Chalk it up to the January Effect

Our mood may have been a little too dour to start the New Year.  Maybe it's the time of year. January is something of a down month: The December holidays and all the festivities they engender are behind us. The days are short and there is really nothing to look forward to. Negative news, which there has been a surfeit of lately, tends to get amplified.

January is finally winding down, and the latest data releases are winding up – positively. Home sales, which we've been down on lately, have reemerged with a vengeance.

Existing home sales unexpectedly soared, increasing 14.7% to 5.46 million on an annualized rate, in December. The surge was strong enough to turn a negative into a positive. Total sales for 2015 posted at 5.26 million, 6.5% higher than the 4.94 million posted in 2014. But if December sales would have held at November's pace, sales for the year would have finished down.

That said, existing home sales still face near-term headwinds: Low supply continues to plague the market, as it has for the past two years. Total homes for sale fell to 1.79 million in December from November's 2.04 million. Supply relative to sales dropped to only 3.9 months. Supply is as low as it has been in nearly 11 years. It might be tough for sales to hold December levels as we head into spring.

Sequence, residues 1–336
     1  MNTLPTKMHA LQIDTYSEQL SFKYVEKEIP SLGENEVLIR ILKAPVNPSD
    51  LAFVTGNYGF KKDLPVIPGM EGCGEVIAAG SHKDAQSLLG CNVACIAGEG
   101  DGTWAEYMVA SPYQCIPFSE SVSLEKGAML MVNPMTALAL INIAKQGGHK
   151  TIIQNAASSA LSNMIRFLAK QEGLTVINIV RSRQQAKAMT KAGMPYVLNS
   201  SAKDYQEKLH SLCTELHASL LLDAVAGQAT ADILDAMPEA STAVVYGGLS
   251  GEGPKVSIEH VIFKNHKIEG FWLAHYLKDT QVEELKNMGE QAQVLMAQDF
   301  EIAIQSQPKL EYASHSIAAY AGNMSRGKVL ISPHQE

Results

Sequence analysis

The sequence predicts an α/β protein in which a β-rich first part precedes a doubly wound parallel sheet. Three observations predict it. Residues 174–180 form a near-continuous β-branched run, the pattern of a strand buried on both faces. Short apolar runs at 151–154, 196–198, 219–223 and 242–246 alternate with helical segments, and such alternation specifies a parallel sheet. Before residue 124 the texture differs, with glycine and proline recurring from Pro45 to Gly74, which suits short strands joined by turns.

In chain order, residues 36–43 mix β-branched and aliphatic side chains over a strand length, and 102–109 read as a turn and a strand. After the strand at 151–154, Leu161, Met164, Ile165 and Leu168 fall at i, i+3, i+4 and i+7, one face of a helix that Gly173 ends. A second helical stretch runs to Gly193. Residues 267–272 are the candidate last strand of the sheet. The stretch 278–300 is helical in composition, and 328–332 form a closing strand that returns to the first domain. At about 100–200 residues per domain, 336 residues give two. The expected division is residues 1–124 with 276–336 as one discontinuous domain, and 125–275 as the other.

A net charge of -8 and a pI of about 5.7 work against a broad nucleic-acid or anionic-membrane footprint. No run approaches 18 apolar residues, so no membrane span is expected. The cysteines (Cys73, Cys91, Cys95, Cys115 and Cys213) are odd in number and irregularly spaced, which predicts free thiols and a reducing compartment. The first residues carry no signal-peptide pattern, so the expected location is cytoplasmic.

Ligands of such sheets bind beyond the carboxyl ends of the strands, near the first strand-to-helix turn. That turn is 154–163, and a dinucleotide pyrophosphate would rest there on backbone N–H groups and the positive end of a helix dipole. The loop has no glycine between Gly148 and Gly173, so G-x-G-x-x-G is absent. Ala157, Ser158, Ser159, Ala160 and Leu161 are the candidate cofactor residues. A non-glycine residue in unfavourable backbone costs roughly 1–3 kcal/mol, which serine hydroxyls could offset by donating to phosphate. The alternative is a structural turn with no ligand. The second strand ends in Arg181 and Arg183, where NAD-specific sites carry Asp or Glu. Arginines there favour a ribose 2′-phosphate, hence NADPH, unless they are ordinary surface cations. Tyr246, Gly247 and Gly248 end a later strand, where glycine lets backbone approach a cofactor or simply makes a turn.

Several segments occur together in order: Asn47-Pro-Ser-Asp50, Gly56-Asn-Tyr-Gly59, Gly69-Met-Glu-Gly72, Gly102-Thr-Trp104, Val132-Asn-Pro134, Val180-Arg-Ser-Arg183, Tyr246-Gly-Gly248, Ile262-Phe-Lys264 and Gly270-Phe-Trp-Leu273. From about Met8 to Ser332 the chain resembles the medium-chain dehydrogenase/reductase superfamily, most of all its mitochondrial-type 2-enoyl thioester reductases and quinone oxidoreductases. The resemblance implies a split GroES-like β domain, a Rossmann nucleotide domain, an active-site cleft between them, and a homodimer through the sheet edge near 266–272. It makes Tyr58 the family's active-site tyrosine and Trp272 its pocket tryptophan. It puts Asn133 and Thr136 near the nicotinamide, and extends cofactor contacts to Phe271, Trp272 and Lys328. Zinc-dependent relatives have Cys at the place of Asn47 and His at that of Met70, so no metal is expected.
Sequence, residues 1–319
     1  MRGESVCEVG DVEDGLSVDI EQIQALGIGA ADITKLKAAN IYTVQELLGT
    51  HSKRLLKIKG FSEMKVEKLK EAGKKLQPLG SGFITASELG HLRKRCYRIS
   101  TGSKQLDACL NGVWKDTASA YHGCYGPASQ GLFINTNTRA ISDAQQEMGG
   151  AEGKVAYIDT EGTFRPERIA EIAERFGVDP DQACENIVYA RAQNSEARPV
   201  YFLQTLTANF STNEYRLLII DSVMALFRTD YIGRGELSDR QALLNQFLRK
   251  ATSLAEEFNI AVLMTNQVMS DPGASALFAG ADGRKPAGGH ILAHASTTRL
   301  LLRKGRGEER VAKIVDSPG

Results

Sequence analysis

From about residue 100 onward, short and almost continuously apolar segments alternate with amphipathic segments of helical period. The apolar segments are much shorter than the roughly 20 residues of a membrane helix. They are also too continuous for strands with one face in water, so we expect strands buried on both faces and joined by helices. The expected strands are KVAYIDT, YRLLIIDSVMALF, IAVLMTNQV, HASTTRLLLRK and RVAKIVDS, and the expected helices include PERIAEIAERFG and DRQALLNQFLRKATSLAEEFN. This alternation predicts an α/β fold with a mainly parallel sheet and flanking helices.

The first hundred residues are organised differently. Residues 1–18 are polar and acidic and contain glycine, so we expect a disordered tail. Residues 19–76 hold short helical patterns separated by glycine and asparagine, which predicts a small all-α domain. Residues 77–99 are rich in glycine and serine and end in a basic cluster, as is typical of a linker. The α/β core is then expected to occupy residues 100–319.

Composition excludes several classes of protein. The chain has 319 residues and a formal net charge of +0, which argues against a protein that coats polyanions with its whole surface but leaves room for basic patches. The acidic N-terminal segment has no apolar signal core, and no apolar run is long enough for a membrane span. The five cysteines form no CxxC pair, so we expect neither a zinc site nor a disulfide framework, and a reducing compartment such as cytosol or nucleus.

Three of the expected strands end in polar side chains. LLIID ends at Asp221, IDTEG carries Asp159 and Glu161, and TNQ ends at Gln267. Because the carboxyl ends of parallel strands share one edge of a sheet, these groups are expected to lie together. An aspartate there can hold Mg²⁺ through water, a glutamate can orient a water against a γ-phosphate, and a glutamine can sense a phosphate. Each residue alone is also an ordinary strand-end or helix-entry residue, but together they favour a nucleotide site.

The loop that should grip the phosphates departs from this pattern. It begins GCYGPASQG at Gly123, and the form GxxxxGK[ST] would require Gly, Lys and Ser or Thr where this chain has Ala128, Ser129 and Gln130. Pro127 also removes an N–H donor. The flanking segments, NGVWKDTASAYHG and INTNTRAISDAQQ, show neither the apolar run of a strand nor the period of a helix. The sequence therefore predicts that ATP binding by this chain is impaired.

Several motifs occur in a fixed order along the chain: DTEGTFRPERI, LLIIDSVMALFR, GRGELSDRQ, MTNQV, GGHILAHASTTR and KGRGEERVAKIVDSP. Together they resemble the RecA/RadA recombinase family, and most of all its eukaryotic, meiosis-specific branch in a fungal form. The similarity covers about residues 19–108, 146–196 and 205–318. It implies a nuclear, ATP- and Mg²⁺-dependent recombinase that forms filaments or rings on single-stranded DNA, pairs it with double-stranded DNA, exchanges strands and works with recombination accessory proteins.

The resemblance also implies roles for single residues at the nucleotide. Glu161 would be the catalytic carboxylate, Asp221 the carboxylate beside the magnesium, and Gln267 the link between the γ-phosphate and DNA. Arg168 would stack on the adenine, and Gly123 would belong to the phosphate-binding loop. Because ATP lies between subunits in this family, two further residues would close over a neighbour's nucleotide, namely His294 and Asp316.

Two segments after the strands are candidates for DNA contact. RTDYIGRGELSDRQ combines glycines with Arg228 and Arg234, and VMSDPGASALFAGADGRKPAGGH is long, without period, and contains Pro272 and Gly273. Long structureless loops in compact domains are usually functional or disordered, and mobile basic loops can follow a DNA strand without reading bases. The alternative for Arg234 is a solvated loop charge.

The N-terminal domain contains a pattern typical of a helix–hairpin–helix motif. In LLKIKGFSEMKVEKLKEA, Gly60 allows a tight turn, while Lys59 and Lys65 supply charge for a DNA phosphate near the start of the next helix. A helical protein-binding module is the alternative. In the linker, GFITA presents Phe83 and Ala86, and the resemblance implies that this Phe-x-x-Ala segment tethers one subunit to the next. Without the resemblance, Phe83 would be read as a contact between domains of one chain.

Fourteen and seven must be the magic numbers for December. Existing home sales rose 14.7%, and so did new home sales. Specifically, new home sales increased 14.7% for 2015. There were 501,000 new homes sold last year compared to 437,000 in 2014. As for monthly numbers, we see new home sales were up 10.8% to 544,000 on an annualized rate in December compared to November.

As with existing home sales, supply could limit future new home sales. Supply did rise by 6,000 in December to 237,000, but supply relative to sales fell back to 5.2 months from 5.6 months.

Pricing could also be a limiting factor to sales growth. Prices continue to plow ahead in most major markets. Case-Shiller's 20-city index rose 0.9% in November.  All 20 cities Case-Shiller follows reported monthly gains. Year over year, Case-Shiller's index shows prices up 5.8%.

Of course, all markets are local markets, and a few local markets can skew the national average. Portland home prices are up 11.1% year over year, followed by San Francisco at 11% and Denver at 10.9%. Washington DC, at 2.1%, Chicago, at 2.0%, bring up the rear, but these rates of price appreciation are closer to historical norms. Therefore, they're more sustainable.

One month's worth of sales data doesn't make a trend, but it's a start. The uptick in purchase applications, which increased 5% last week, does lift our spirits and gives us good reason to anticipate the spring selling season.

 Information provided by Jessica Regan.

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